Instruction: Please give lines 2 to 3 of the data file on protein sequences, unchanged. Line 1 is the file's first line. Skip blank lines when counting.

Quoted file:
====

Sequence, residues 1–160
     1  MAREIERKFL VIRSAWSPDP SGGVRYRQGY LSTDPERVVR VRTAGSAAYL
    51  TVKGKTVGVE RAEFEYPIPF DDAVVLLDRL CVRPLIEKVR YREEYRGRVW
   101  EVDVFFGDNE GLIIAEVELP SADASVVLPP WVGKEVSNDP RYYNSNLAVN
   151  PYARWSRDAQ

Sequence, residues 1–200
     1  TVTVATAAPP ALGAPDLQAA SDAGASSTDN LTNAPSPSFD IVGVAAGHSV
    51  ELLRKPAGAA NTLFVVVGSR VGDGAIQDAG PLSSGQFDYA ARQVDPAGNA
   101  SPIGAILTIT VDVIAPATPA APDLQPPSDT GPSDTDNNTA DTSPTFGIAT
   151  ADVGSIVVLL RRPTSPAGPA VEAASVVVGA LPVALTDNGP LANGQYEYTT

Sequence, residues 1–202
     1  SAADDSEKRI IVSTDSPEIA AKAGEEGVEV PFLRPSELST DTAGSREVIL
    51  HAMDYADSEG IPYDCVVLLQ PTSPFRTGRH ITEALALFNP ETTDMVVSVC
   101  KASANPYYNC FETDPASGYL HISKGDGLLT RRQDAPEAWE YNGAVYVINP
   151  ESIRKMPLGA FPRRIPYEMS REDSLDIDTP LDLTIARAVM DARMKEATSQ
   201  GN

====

     1  MAREIERKFL VIRSAWSPDP SGGVRYRQGY LSTDPERVVR VRTAGSAAYL
    51  TVKGKTVGVE RAEFEYPIPF DDAVVLLDRL CVRPLIEKVR YREEYRGRVW